Traveling the Pacific Coast

 

Scenes along the Oregon Coast

(Artistic license used to present these images)

Redwood Country and Portland's Japanese Garden

 

Our trip north along the Pacific Coast was borne of two purposes…the first, to visit friends who live in the Los Angeles / San Diego area and second, to travel the coast line from Los Angeles, California to Portland, Oregon.      Originally we had planned to visit Crater Lake National Park in Oregon, but that idea was scuttled when we were informed that heavy snows in that region are not cleared out until the end of May.    

As we headed north, we travelled close to the coast line driving most of the time on the famed Highway 101.   Wikipedia informs us that this highway is known as El Camino Real (The Royal Road), where its route along the southern and central California coast approximates the old trail which linked the Spanish missions, pueblos, and presidios or fortresses.   Our route took us through San Luis Obispo, north to Carmel/Monterey, San Francisco, Garberville (the beginning of the Redwood country) and Ferndale (the Victorian town at the northern end of the Redwood country) all in California.     Then our travels continued north to Gold Beach, Newport and Portland in Oregon.

But first, I must extend our affection for the friends that opened their hearts and their home to us during our visits.    Though short, the visits were unfortunately packed into a schedule that was far too limited.   In that regard, our visits took us to Oceanside, Studio City, Hollywood and Pacific Palisades in southern California.    The visit with Frank and Lee brought back the great reminiscences of our time together at sea where we would discuss world events and many other topics of the day.   Our visit with Jerry and Susan taught us that even distance does not diminish a close and loving friendship borne on the Yangtze River almost ten years ago.  

And our visit with Michael and Aunene, who also traveled the Pacific coast with us, grew from just an amazing eighteen days ….time that we shared on the first phase of our world cruise…..to a very warm and close “family” relationship that will endure the test of time and distance.    And of course our visit with Estelle and Sy, whom we also met aboard ship, was filled with humor and talks of family.

 

San Francisco Skyline (above left, clockwise); Mission San Luis Obispo de Tolosa; Redwood Trees in the Humboldt Redwoods State Park , Multnomah Falls in the Columbia River Gorge,  the Getty Museum in Los Angeles; the Oregon Coast and Pioneer Square in Portland.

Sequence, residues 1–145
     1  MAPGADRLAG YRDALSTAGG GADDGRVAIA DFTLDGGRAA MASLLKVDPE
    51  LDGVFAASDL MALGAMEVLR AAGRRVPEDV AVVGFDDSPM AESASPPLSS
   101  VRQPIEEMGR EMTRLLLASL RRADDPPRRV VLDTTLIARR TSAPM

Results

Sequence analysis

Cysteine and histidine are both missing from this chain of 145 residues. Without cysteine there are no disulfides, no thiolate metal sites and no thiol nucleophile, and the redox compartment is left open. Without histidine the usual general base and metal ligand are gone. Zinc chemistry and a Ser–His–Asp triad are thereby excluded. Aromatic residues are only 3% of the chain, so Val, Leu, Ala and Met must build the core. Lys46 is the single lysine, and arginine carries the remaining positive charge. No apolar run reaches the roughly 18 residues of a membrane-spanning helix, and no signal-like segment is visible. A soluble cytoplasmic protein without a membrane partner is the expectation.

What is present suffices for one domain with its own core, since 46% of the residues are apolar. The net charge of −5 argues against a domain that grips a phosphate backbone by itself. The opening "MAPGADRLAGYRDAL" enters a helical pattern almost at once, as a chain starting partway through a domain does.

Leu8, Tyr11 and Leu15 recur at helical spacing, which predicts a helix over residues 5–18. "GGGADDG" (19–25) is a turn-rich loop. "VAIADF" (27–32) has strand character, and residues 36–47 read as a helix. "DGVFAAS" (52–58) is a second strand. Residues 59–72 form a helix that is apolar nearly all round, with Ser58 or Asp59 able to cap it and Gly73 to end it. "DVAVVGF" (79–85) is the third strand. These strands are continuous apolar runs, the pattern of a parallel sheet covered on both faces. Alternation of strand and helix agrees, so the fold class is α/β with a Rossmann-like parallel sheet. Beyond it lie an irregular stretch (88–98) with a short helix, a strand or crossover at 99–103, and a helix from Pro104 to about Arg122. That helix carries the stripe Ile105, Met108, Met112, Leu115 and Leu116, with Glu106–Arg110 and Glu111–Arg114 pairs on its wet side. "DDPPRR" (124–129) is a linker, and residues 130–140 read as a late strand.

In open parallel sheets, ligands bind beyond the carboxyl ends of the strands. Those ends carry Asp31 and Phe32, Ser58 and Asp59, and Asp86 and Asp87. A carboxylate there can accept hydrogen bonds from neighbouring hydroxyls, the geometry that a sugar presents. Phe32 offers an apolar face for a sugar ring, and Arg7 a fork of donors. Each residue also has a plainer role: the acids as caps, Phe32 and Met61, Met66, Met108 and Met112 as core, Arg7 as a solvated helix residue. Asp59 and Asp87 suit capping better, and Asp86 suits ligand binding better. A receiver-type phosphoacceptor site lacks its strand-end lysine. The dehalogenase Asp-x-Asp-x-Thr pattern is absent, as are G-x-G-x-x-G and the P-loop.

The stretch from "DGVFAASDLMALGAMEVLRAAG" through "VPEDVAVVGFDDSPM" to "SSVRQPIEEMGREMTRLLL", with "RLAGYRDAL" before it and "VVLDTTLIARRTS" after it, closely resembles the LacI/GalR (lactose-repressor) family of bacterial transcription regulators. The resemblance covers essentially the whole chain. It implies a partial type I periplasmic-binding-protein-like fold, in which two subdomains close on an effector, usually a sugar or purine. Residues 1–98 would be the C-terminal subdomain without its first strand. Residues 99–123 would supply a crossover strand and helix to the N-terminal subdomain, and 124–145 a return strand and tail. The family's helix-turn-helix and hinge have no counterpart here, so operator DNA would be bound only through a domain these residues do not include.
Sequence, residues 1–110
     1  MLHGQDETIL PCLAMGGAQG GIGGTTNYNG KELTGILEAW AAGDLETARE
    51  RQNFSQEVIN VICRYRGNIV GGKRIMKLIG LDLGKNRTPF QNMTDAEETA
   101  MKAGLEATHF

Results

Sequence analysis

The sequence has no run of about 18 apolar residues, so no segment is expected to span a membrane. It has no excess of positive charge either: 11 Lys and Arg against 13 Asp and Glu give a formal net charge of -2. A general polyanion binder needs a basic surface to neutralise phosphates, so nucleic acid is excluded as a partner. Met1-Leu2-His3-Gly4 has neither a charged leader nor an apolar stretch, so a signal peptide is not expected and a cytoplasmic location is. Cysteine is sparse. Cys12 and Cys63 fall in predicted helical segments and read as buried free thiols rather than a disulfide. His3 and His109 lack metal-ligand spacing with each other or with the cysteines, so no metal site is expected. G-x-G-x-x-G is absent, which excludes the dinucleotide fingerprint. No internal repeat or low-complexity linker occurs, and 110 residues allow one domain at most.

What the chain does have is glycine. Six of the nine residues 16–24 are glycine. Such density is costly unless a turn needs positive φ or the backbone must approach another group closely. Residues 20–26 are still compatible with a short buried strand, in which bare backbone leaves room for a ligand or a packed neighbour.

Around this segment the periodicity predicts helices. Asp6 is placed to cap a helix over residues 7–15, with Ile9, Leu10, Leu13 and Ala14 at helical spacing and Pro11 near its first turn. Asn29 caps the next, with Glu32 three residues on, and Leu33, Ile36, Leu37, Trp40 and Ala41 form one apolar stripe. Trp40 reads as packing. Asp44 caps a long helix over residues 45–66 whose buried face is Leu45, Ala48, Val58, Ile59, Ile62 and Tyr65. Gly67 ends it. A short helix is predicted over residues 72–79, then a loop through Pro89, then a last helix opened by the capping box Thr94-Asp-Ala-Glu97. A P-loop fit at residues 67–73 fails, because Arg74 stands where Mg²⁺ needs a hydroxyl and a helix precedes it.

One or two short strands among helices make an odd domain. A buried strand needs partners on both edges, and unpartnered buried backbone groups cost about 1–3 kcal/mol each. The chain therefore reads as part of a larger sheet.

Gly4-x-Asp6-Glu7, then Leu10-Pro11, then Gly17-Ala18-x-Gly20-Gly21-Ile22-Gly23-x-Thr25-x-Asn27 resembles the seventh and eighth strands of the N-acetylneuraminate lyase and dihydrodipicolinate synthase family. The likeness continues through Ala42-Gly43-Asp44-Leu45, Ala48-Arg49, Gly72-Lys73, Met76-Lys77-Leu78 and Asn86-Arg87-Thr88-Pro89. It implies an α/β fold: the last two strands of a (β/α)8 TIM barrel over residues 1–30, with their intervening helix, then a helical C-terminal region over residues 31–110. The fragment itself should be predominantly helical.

(Artistic license used to present some of these images)

 

Leaving Los Angeles, we headed for San Luis Obispo, stopping for lunch in Santa Barbara right at the beach.     San Luis Obispo is Spanish for St. Louis, the Bishop and is located midway between San Francisco and Los Angeles.   Founded in 1772, San Luis Obispo is one of California’s oldest communities. It is referred to locally as "SLO", "S.L.O." and "San Luis", and is the county seat of San Luis Obispo County.    The recent census reports a population of 45,016 people.   We stayed at the Garden Street Inn which was most pleasant and very much a part of the cityscape.  

I liked the city…..life seemed easy (to use), nice restaurants and shopping, a river running through town which makes a very nice venue for restaurants where you can dine outside.    There is a small office building that was designed by Frank Lloyd Wright and an appealing Japanese garden.    There is also a very delightful mission called Mission San Luis Obispo de Tolosa.   The mission was built with adobe and tile structures and included, the Church, the Priest's residence, the convent, the storerooms, and additional residences.   

Carmel / Monterey is known around the country if not around the world as the home of the Pebble Beach Golf course, the famed Seventeen Mile Drive along the Pacific Ocean, the unique charisma of the town of Carmel with its wonderful beaches and stunning homes just on the ocean.  Carmel-by-the-Sea, often called simply Carmel, is known for its natural scenery and rich artistic history.   The City of Monterey is on Monterey Bay and it is noted for its history of resident artists and its legendary fishery.   Monterey is home to the Monterey Bay Aquarium, Cannery Row and Fisherman's Wharf.